By Monica Heger
Researchers at the Wellcome Trust Sanger Institute have developed a strand-specific method of transcriptome sequencing on Illumina's Genome Analyzer that they claim can produce more accurate sequence data than Illumina's standard RNA-seq method.
In addition, the Sanger team's method is the only RNA-seq approach to date — aside from Helicos Biosciences' direct RNA sequencing method — that does not require an amplification step.
"It's the only protocol that is strand-specific with no amplification or artifacts, is compatible with paired-end sequencing, and works well with Illumina," said Daniel Turner, Sanger's head of sequencing technology development and senior author of a paper describing the approach that was published online in Nature Methods this week.
"I think this really strengthens the case that non-amplification methods give you a true biological representation [of the transcriptome]," said Patrice Milos, vice president and chief scientific officer of Helicos, whose direct RNA-sequencing method should be available to customers this year (see In Sequence 9/29/2009).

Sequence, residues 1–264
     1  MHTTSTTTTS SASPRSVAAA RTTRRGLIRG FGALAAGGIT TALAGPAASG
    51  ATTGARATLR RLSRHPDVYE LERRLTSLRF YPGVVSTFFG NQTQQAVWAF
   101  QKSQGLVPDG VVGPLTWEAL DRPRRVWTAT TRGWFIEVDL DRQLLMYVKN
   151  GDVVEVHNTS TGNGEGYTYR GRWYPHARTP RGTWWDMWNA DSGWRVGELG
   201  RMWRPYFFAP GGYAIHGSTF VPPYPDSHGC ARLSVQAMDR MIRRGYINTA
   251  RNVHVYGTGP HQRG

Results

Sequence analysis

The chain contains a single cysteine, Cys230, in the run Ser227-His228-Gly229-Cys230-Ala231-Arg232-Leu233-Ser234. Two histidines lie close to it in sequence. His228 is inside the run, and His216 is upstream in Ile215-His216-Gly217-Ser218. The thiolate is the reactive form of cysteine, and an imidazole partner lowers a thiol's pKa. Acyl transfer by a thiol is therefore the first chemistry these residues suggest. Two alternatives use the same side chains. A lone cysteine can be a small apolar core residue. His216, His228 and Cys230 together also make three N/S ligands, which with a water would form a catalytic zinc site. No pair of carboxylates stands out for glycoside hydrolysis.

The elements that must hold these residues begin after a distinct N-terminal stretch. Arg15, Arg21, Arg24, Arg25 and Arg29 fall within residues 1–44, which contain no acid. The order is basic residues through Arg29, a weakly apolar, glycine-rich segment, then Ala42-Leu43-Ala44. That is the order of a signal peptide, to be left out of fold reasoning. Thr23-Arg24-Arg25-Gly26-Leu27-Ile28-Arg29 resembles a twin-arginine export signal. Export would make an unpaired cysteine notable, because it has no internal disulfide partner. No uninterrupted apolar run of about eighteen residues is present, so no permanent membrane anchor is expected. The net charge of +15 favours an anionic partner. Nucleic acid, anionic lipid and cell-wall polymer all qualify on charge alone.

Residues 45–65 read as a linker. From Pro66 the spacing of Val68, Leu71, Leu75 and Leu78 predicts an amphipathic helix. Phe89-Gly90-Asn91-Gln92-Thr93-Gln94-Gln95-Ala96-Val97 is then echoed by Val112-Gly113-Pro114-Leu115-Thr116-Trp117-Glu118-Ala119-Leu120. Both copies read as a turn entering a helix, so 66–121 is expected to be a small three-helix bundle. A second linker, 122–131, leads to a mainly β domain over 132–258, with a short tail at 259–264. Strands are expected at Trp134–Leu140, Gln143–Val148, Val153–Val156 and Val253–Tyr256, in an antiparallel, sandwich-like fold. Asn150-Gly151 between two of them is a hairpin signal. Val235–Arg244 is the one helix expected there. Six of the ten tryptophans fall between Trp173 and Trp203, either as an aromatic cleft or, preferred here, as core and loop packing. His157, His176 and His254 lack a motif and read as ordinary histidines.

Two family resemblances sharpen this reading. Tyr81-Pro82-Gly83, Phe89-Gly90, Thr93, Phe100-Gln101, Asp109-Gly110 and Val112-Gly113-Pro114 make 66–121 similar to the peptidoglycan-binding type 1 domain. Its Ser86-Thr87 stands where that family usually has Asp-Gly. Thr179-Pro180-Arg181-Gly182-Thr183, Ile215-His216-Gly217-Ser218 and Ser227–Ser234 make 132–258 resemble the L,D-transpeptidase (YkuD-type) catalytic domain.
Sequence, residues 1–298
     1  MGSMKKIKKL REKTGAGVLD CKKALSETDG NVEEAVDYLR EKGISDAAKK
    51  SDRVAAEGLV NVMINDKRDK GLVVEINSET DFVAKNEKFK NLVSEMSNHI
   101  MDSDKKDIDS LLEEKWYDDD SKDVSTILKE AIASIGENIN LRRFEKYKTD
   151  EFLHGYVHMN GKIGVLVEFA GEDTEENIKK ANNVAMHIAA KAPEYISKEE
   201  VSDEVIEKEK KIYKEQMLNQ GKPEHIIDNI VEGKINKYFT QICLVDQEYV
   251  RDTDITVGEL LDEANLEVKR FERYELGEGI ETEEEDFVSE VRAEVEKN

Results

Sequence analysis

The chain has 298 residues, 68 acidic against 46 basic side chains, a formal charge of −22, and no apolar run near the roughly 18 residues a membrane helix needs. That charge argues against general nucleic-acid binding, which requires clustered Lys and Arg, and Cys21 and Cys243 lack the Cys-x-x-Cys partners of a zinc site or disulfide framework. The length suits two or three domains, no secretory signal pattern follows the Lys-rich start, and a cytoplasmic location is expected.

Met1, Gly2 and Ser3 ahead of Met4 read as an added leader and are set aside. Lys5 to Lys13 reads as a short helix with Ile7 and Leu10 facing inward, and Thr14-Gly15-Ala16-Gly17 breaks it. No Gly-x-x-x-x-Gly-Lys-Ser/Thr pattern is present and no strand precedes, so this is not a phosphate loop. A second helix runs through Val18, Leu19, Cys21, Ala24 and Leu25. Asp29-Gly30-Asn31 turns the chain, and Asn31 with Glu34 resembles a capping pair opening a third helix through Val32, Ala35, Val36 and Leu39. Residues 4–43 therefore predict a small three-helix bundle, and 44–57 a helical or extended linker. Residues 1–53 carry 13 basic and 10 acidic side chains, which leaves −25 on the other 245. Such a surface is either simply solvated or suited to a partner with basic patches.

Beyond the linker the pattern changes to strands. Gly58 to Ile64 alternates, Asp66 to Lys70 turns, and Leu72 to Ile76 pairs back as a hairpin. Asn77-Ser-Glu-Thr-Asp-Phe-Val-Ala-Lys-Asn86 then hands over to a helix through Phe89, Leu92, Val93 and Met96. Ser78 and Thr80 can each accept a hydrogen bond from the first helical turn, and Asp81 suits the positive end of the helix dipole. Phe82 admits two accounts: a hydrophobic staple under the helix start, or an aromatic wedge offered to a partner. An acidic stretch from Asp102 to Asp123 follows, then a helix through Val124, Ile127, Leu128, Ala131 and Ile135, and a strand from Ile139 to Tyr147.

The key to the Sanger approach is that the reverse-transcription step occurs directly on the flow cell. This ensures strand specificity and eliminates the need for a PCR step. Turner said the method, dubbed FRT-seq for flow cell reverse transcriptase sequencing, should be particularly useful for samples that have a high adenine and thymine content, because those tend to be underrepresented in protocols with a PCR step.
In a comparison of FRT-seq to Illumina's standard RNA sequencing protocol, the team found that it generated more sequence data, was more accurate, and had less bias and fewer duplicate reads.
The researchers tested the method on a human placental sample, preparing two libraries with their method as well as with the standard method. They found that the two FRT-seq libraries generated 3.3 gigabases and 3.5 gigabases of sequencing data, compared to 1.6 gigabases and 0.5 gigabases with the libraries for the standard protocol.